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Health app: Despite approval, security gaps in the app on prescription

Security researchers have discovered several security flaws in the Velibra health application. The Federal Institute for Drugs and Medical Devices (BfArM) recently found the app, which is supposed to help patients with anxiety and panic disorders, safe and approved it for a prescription at the expense of health insurance companies. Apparently there was no real check.

  1. FLYERALARM Digital GmbH, Würzburg
  2. HEINE Optotechnik GmbH & Co. KG, Gilching

Security researchers Martin Tschirsich and André Zilch looked at the web app shortly before Velibra was officially included in the directory for digital health applications (DiGA). By entering an e-mail address for the password reset function, Tschirsich was able to find out whether the corresponding e-mail address is registered with the service. This can be used to determine, for example, whether someone is using the service and has psychological problems accordingly.

Accounts were easy to take over

More seriously, the account reset code sent to the registered email address was only four characters long and valid for 24 hours. Unauthorized persons could have taken over the account of the person concerned by simply trying out and guessing the short code.

The user names and e-mail addresses of the registered persons could also be queried via an API without authentication. According to Tschirsich, even the DiGA vouchers that the health insurances issue for the use of the service could be viewed - both used and unused. The Velibra manufacturer Gaia AG immediately fixed the security gaps after a report. A previously commissioned pentesting company had not discovered or warned of the obvious security gaps.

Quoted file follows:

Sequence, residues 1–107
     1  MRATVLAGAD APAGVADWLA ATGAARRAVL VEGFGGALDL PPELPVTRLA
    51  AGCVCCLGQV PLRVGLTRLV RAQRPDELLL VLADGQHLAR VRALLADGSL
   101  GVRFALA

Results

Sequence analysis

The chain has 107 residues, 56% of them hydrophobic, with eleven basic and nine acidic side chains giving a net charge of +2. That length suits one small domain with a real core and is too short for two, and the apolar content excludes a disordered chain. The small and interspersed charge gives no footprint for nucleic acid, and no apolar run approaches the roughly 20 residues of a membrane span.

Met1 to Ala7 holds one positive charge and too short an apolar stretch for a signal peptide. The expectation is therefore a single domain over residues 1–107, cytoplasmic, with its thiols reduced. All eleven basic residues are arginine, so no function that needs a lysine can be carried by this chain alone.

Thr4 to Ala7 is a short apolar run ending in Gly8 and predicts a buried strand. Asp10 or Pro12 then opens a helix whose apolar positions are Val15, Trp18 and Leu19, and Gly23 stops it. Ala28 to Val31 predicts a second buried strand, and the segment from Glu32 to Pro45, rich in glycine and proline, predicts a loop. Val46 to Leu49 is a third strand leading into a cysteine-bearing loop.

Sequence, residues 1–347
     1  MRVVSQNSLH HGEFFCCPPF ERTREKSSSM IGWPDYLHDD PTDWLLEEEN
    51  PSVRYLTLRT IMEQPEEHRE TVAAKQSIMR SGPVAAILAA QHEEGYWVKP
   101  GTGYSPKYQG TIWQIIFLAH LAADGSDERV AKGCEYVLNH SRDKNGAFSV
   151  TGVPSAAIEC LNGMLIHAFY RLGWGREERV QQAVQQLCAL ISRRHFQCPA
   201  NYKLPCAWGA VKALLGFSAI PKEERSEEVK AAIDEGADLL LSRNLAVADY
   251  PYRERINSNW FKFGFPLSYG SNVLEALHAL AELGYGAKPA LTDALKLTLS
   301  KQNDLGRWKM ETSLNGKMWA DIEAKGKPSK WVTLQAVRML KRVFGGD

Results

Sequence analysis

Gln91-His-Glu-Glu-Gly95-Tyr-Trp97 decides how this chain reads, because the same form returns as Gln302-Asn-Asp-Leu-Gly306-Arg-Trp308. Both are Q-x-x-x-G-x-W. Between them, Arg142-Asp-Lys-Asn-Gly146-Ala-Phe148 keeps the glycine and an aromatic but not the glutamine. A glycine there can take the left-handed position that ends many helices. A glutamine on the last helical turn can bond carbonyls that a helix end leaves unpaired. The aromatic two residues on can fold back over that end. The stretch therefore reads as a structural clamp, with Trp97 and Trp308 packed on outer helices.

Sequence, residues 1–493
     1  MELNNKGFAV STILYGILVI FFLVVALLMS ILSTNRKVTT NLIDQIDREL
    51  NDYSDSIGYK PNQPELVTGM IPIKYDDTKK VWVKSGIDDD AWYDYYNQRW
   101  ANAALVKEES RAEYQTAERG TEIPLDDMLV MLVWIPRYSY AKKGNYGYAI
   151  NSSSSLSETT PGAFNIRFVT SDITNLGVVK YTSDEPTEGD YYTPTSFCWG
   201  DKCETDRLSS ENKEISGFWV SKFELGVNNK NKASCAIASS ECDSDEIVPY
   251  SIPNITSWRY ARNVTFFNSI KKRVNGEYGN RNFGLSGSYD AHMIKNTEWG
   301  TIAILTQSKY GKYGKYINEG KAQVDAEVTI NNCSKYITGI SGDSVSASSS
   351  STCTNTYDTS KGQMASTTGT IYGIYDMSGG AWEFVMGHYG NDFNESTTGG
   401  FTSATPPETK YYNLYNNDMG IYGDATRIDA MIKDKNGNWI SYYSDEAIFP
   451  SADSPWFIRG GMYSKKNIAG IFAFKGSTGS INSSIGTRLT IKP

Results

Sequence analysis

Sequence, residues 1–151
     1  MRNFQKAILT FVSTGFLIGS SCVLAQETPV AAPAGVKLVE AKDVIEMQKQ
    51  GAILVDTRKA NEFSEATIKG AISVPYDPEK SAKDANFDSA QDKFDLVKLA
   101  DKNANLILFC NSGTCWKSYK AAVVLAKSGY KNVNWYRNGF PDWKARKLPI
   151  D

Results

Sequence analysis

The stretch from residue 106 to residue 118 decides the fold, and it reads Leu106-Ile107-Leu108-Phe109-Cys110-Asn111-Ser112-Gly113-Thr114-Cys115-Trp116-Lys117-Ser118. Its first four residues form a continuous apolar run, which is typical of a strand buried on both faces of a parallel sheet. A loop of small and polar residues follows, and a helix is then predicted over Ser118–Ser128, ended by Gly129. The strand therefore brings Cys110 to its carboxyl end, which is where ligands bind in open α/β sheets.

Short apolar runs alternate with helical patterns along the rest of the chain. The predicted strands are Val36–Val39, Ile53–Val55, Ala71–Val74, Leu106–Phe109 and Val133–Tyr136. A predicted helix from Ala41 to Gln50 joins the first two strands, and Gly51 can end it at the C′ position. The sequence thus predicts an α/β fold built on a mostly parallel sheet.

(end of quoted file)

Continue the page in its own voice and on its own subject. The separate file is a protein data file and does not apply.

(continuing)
Does the BfArM even check?

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From the point of view of security researchers, it is even more serious that the BfArM does not even superficially examine digital health applications. According to the DiGA regulation, no data should be transferred to the USA without the Privacy Shield, not even with standard contractual clauses, but Velibra had integrated external fonts and a tool for bug reporting from the USA.

According to Handelsblatt, the BfArM does not see its responsibility. As prescribed by law, check the manufacturer's information for plausibility: "In the case of false information, consequences, such as deletion from the directory, must be expected", informed the authority of the Handelsblatt. The Federal Ministry of Health simply did not equip the Federal Institute for extensive tests on data protection and security.

"When it comes to pharmaceuticals, you don't rely on the manufacturer's information, you ask for evidence," criticized Tschirsich. He hopes that in the future the BfArM will fulfill its function as a manufacturer-independent inspection body, for example through internal or external audits of health applications. That would be an opportunity to make up for some trust, security and data protection in the health app market, which is plagued with data protection problems and security gaps.